Thursday, April 09, 2015

It was Sunday . . .

. . . on this day one hundred fifty years ago, Palm Sunday, as it happened. The man wearing a fine gray dress uniform knew there wasn't much he could do about that. For Marse Robert and his army, the end had come.

He and his meager staff trotted their horses toward a brick house at a small village called Appomattox Court House. The place, ironically, belonged to a man named Wilmer McLean, who had moved his family there to get away from war, fleeing the two armies that had overrun his former abode, a farm  on the banks of a rill know as Bull Run, near the railroad junction at Manassas, the place where the conflict had begun.

On this day, one hundred fifty years ago, General Robert E. Lee surrendered the Army of Northern Virginia to Lieutenant General U. S. Grant.

Lee had been struggling to make an escape with his troops to Tennessee or beyond, but matters had become desperate, and his way had been blocked. Two days before, he received the following message from Grant:
               Headquarters Armies of the United States,
               April 7, 1865 - 5 p.m.

General R. E. Lee,
Commanding C. S. Army.
General: The results of the last week must convince you of the hopelessness of further resistance on the part of the Army of Northern Virginia in this struggle. I feel that it is so, and regard it as my duty to shift from myself the responsibility of any further effusion of blood by asking of you the surrender of that portion of the C. S. Army known as the Army of Northern Virginia.
Very respectfully, your obedient servant,
               U. S. Grant, Lieutenant General,
               Commanding Armies of the United States.
General Lee read the note when he got it after 10 pm, and replied:
                         7th Apl '65
   I have recd your note of this date. Though not entertaining the opinion you express of the hopelessness of further resistance on the part of the Army of N. Va. I reciprocate your desire to avoid useless effusion of blood, & therefore before considering your proposition, ask the terms you will offer on condition of its surrender.
                         Very respy your obt Svt
                         R. E. Lee, Genl
Lt Genl U. S. Grant,
Commd Armies of the U States
Thus began an exchange of messages over the next two days, often delayed by the lack of even the most rudimentary technology of the day, where Grant and Lee played chess with the fortunes of war in Southern Virginia.

Even on Sunday morning, messages went back and forth under flags of truce--an uneasy truce not tolerated well by Generals Sheridan and Meade--until a meeting was agreed to, and took place that afternoon in the aforementioned brick house in Appomattox Court House.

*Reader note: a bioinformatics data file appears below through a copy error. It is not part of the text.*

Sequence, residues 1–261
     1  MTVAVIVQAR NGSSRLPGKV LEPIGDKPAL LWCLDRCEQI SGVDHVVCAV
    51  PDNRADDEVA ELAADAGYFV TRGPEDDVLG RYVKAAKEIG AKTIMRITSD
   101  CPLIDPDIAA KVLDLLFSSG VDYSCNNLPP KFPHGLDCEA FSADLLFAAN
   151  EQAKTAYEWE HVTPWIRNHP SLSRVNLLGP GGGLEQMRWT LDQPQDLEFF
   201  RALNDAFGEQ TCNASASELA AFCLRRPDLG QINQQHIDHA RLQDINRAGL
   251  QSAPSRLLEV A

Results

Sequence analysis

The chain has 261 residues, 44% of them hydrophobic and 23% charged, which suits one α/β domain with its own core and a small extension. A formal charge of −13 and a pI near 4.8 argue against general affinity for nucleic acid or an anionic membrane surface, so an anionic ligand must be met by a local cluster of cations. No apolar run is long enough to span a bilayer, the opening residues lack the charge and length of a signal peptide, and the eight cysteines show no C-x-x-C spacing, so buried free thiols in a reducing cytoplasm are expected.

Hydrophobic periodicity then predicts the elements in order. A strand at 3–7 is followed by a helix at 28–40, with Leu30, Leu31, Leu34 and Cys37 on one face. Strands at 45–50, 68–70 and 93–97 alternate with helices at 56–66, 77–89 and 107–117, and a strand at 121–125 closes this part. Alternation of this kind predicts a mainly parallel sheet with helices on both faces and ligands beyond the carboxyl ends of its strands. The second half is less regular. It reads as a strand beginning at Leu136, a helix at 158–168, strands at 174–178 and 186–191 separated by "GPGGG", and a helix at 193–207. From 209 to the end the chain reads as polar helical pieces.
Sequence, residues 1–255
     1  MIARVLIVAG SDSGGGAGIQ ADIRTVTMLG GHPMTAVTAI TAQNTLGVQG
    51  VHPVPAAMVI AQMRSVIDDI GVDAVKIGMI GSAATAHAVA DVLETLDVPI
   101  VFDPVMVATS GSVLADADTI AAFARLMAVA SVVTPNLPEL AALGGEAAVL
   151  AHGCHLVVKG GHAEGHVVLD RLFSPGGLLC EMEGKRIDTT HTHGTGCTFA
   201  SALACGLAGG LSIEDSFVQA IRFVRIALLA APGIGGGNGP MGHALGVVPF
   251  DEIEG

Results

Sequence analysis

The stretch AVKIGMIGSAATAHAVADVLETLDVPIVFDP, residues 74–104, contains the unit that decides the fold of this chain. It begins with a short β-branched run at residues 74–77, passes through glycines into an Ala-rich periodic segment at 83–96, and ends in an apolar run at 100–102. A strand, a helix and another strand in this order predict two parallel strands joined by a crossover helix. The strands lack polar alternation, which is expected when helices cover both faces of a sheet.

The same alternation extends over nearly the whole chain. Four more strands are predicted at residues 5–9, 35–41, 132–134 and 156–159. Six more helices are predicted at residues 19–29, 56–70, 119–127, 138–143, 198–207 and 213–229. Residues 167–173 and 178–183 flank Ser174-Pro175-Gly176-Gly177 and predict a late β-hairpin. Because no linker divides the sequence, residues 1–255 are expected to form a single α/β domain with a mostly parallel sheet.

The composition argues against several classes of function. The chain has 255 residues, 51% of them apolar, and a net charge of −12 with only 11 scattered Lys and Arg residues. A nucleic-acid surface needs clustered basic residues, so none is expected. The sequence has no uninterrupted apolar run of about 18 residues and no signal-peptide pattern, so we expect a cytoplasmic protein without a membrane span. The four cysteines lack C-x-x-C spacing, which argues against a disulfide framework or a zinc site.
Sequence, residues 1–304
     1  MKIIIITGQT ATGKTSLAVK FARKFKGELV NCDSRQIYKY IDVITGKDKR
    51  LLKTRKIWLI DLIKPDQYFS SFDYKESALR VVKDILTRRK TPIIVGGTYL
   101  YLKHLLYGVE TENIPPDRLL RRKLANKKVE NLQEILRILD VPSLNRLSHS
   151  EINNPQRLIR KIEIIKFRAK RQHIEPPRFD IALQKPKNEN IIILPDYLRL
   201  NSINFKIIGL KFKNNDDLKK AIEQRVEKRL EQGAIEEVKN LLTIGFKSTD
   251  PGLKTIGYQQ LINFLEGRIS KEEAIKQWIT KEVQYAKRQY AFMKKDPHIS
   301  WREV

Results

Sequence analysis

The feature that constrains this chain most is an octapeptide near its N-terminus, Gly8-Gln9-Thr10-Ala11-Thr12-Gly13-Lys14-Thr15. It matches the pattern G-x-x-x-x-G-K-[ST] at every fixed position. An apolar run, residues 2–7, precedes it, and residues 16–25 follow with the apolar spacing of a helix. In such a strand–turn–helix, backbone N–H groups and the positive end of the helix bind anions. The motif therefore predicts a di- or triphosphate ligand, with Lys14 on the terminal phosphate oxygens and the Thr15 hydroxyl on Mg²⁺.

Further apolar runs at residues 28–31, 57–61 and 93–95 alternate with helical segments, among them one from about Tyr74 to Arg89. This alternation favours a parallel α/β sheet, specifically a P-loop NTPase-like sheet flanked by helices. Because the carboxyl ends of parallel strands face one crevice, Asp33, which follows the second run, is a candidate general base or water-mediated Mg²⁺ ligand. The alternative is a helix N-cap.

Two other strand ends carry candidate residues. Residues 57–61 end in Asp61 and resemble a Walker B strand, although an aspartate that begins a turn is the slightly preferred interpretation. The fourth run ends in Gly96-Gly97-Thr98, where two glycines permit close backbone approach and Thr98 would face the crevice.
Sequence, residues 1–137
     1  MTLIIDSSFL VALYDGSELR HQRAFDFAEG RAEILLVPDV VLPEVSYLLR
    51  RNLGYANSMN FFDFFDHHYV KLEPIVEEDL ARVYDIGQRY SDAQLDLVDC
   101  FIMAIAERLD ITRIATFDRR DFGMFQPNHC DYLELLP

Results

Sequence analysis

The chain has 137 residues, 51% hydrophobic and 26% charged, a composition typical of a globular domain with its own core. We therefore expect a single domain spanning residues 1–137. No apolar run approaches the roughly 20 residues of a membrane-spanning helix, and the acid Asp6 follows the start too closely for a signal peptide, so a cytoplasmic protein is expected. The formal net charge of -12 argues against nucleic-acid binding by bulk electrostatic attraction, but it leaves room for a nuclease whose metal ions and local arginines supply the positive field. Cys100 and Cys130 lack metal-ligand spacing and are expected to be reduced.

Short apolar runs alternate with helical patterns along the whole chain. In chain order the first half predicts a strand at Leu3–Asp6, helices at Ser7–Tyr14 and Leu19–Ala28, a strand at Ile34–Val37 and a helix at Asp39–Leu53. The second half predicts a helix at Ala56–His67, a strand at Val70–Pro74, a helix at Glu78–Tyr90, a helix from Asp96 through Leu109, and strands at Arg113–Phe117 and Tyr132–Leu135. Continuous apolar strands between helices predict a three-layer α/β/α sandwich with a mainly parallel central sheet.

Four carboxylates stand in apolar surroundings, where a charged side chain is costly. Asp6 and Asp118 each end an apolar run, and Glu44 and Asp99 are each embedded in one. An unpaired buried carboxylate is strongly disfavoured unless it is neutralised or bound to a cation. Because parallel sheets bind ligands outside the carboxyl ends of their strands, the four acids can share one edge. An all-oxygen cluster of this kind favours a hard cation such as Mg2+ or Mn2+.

Lee arrived first, about 1 pm, and waited a full half hour in McLean's parlor before Grant arrived, wearing a rumpled and muddy uniform because his baggage train had gone astray.

Grant immediately got down to business, reviewing the terms he had previously set out to Lee in his correspondence. Lee suggested that Grant write them out so that the two generals could formally act on the terms, and Grant agreed. After Grant wrote them out in his order book, Lee examined them. When he had finished reading the document, he looked at Grant and said, This will have a very happy effect on my army."

Grant asked if Lee had any suggestions about the offer, and they discussed the matter of the Confederate men and officers owning their own horses, unlike the case in the United States Army. Grant decline to add a modification to the terms, but knowing the Southerners would need their livestock for plowing ground for crops, he said he would instruct the officers he would appoint to receive the paroles of all the men to let all the men who claimed a horse or mule to take the animals home with them.

Lee Surrenders to Grant at Appomattox

Much relieved, Lee agreed, and Grant passed the document to a staff member to make a "fair copy," that is, an official rendering of the document. As this was done, Lee looked over a draft of his acceptance that his military secretary, Lt. Colonel Charles Marshall, had completed, made corrections, and waited for both documents to be finished.

Grant came over to apologize for his rumpled clothes and lack of side arms, saying, "I thought you would rather receive me as I was than be detained." Lee replied that he was much obliged.

By this time, both the surrender terms and the letter of acceptance were completed, and Lee signed the letter, which Marshall sealed and handed to Grant's adjutant, and received in turn the signed and sealed terms of surrender.

Lee broke open the envelope and read again the terms, but Grant did not read the letter of acceptance. He later explained that Lee's spoken word was enough for him.

By 4 o'clock, the ceremonial protocol had been performed, and General Robert E. Lee was free to leave. He shook hand with General U. S. Grant, bowed to the others in the room, and left.

Thus began the ultimate surrender of all the armies of the Confederacy, ending a terrible war that cost upwards of 600,000 lives.

For my take on the American Civil War, read the Whitney Award Finalist novel Gone for a Soldier. You can find purchase links to a variety of online vendors here. Thank you for visiting. Please come back on Saturday for a peek at a scene from the novel I am writing, The Zion Trail.

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